EU v's Google – What does it mean for Google?

The European Commission's decision to fine Google €2.42 billion for breach of EU competition law is significant for Google – but also exposes failings in the Commission's processes.

The Commission's decision finds that Google abused its market dominance as a search engine by giving preferential treatment in search rankings to its own comparison shopping service.  Google is to be given just 90 days to remedy the abuse, which may require wholesale modification of how its algorithms operate. 

For Google

  • The record fine has dominated headlines, but is unlikely to be the most significant factor for Google – whilst it equates to over 9% of Commission fines in all cases since 1990, it is only around 3% of Google's annual revenue.
  • More significant long-term is the finding that Google has a dominant market position in "general internet search markets" in every one of the 31 countries of the EEA – opening the door to challenges across a range of products where Google's search engine is the gateway for consumers.
  • Implementation of the decision will be another headache for Google – Commission objections to how Microsoft complied with abuse findings landed it with additional fines of €1.4 billion.
  • Finally, whilst Google is likely to appeal the decision, it will in the meantime face "follow-on" damages claims from any business that can show it has suffered losses as a result of the abuse – and claimants can rely on the Commission decision as establishing that Google has broken the law, without any need for further proof.  Indeed, at least one claimant (Kelkoo) had already launched a damages claim in the UK even before the Commission ruling. 

For the Commission

  • Issuing a decision in the case is undoubtedly a milestone, but will do little to encourage complainants – the case was originally opened as long ago as 2010, several lifetimes in technology markets.  Victims of competition breaches seeking a speedy remedy may turn to the courts rather than the Commission – if they stay in business long enough.
  • Moreover, comparison shopping services were only one part of the broader case initiated in 2010 – and arguably a minor one.  Thorny issues such as Google's use of newspaper publishers' content in its search engine remain unresolved.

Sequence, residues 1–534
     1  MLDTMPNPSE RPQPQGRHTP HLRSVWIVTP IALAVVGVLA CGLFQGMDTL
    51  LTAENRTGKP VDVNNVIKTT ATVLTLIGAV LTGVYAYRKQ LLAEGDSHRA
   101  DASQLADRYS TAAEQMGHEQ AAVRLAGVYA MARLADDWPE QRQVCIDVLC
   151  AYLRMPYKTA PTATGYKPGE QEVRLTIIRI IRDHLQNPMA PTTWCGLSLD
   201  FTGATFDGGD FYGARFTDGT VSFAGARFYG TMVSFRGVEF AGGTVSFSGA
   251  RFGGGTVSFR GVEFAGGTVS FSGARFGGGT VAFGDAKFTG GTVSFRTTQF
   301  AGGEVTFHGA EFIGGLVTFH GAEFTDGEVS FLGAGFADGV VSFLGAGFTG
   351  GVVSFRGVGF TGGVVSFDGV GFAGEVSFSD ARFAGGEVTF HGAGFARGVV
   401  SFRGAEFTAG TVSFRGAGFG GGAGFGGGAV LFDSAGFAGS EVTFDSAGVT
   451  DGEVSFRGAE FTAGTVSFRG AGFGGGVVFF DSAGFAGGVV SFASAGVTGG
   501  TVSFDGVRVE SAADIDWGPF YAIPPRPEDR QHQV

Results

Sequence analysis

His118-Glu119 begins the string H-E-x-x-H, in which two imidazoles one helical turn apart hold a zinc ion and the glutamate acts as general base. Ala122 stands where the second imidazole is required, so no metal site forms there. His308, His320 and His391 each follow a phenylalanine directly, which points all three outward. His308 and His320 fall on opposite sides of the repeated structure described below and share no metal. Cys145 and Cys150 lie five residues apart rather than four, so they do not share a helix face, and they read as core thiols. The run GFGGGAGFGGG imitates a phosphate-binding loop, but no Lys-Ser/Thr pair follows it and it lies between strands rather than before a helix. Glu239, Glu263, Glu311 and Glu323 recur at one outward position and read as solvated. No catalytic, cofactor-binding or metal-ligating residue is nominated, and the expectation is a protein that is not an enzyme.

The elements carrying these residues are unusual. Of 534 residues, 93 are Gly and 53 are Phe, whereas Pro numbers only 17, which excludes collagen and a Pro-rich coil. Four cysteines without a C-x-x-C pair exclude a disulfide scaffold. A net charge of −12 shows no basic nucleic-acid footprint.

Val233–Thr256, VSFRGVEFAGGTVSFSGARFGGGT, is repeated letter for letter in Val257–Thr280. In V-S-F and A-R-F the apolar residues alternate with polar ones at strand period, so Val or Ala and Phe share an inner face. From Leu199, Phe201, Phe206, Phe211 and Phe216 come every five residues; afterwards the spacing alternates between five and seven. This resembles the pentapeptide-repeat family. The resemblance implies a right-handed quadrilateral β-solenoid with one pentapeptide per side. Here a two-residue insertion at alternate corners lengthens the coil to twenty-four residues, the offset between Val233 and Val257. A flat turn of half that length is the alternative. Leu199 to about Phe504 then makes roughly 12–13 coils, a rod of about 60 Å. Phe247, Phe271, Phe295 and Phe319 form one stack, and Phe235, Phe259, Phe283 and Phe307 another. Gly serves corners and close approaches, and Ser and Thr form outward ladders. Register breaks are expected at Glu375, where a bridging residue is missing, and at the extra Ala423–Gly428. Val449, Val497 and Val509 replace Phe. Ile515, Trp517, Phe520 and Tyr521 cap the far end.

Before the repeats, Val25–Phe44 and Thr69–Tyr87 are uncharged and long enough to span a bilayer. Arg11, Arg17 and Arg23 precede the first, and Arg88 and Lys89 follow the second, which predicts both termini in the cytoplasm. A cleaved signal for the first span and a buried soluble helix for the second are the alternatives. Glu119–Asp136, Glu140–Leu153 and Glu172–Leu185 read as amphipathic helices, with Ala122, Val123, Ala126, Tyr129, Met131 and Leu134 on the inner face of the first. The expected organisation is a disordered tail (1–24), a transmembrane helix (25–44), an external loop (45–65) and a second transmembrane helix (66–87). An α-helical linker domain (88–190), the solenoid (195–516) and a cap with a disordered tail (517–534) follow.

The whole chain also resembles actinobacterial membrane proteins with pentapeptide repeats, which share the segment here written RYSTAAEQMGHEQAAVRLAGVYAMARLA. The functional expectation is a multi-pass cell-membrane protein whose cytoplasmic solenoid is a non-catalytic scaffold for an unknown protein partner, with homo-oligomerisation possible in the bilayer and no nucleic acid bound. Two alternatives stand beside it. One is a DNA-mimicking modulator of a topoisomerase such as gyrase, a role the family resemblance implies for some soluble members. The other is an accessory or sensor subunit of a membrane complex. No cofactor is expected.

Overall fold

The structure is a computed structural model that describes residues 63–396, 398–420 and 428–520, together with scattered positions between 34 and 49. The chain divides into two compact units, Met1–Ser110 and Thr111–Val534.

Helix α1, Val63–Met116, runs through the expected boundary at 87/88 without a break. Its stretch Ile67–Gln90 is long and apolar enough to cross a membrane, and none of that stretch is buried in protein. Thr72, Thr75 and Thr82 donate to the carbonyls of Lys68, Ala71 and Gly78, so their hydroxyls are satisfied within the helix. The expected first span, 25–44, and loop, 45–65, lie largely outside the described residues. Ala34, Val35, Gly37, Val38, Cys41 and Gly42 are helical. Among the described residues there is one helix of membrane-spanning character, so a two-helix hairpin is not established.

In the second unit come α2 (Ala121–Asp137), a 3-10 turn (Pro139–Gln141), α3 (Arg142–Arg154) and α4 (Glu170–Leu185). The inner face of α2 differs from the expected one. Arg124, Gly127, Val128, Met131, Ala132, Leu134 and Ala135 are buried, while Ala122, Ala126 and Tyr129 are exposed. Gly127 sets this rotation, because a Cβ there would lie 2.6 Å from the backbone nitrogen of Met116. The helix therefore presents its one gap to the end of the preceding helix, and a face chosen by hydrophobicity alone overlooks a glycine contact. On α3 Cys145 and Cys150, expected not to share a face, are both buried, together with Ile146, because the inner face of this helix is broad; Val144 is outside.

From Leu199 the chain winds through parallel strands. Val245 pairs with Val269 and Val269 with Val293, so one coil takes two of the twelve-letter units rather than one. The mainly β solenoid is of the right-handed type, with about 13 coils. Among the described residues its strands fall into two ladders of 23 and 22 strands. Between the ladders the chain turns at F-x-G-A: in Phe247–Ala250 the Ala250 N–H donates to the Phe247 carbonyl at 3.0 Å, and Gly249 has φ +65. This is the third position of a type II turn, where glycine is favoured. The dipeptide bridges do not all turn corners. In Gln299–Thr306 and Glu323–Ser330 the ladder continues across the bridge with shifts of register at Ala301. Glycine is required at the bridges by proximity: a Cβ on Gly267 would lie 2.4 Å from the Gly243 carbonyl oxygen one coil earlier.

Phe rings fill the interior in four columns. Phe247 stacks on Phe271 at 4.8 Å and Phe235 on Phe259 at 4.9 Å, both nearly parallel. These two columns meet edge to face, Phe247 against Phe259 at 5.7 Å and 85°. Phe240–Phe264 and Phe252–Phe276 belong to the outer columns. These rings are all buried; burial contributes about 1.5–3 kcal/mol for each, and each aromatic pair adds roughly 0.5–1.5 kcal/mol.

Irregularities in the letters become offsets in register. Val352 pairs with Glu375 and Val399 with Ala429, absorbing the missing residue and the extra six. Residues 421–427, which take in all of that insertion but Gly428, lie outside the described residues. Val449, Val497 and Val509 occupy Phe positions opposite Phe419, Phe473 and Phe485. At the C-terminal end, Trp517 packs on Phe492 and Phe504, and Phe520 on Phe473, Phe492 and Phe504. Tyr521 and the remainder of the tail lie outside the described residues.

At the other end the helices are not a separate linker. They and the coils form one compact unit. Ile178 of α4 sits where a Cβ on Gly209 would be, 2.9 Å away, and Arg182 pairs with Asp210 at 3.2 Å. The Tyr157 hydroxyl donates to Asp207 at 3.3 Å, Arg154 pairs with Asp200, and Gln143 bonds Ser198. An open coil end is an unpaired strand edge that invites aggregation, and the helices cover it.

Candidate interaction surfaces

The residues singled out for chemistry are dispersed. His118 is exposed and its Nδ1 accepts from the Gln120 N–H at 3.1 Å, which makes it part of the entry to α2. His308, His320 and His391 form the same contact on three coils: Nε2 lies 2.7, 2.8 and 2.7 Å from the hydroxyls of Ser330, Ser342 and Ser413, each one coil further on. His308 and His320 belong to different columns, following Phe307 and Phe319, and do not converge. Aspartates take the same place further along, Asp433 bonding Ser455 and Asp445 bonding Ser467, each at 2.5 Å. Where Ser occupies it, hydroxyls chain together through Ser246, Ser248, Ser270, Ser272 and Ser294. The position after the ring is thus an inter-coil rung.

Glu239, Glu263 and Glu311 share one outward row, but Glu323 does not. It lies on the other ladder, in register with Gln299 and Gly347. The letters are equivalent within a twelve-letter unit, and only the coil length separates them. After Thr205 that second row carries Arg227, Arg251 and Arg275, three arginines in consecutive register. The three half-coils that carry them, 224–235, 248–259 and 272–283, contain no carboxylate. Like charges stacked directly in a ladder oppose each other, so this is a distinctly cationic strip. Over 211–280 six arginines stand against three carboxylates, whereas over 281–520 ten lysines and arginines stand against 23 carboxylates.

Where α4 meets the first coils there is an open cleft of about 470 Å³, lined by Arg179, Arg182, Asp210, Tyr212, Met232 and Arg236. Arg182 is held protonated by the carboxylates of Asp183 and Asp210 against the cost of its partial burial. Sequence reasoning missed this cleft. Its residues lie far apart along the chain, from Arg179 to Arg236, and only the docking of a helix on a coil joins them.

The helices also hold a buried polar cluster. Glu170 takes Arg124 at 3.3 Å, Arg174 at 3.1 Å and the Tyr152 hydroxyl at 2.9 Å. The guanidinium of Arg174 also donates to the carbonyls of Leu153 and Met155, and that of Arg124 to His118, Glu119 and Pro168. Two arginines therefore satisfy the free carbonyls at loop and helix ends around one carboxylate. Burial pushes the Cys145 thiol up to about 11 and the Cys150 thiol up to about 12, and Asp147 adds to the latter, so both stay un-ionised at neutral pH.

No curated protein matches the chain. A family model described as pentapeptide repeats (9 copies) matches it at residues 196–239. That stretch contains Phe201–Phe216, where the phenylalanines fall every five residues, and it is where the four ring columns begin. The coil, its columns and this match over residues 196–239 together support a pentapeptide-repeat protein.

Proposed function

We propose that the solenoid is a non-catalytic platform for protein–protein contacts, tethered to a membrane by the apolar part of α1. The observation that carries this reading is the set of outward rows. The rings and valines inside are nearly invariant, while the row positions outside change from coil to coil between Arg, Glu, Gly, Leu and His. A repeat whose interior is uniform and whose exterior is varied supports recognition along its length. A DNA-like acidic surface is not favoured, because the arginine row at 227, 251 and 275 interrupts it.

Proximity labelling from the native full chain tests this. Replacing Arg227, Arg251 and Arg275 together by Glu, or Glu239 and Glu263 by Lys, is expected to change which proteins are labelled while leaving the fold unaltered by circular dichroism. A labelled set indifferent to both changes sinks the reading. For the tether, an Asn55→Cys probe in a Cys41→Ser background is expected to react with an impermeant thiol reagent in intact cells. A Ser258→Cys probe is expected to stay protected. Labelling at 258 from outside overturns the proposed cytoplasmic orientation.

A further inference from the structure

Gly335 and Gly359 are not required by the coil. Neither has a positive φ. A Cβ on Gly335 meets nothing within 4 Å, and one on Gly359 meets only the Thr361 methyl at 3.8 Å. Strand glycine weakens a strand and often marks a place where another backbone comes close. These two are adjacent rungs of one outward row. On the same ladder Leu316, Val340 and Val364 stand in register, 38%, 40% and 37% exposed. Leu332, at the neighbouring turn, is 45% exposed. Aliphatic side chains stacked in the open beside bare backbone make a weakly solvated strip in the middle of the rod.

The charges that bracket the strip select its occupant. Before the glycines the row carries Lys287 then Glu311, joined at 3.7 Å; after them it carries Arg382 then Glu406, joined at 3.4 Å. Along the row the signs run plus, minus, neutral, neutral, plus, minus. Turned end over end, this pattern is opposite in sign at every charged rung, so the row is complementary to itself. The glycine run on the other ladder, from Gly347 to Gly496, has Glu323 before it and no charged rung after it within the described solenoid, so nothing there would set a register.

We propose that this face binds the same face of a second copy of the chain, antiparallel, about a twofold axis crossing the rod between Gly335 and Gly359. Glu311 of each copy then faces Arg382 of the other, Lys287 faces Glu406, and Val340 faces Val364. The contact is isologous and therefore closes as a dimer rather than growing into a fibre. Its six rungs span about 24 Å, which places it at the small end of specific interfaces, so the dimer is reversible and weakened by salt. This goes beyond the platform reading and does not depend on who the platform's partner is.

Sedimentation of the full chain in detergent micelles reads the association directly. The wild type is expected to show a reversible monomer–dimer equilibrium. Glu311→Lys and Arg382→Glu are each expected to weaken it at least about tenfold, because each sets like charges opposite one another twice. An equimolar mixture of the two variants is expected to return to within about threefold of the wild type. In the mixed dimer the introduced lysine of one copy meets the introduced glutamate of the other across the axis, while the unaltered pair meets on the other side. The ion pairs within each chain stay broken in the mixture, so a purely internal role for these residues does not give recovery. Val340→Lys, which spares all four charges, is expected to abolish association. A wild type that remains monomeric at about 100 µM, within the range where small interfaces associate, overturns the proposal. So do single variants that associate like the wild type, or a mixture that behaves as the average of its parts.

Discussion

• The case's long gestation also raises questions over why the Commission entertained no less than three offers of settlement through commitments offered by Google, rather than pursuing enforcement.  The case has been dogged by allegations of political interference on both sides, putting at risk the Commission's reputation for applying competition rules impartially and objectively.
  • The case also risks becoming another battleground for commentators – largely US-based – who see the Commission as engaged in a witch-hunt against major technology businesses because they are big, American and rich – and because their activities and methods are often at odds with the highly regulatory and protectionist instincts of EU policymakers. 

What next?

Appeals and implementation are the immediate issues, but in the longer term the Commission can be expected to conclude more abuse cases.  It has already issued Statements of Objections (provisional charge sheets) over Google's practices in relation to the Android mobile operating system and advertising exclusivity restrictions through its AdSense platform.  

This information is intended as a general discussion surrounding the topics covered and is for guidance purposes only. It does not constitute legal advice and should not be regarded as a substitute for taking legal advice. DWF is not responsible for any activity undertaken based on this information.

Howard Cartlidge

Head of EU/Competition (London)

I advise on all aspects of EU and UK competition law. I help businesses to deal with the legal and policy aspects of regulatory disputes and investigations.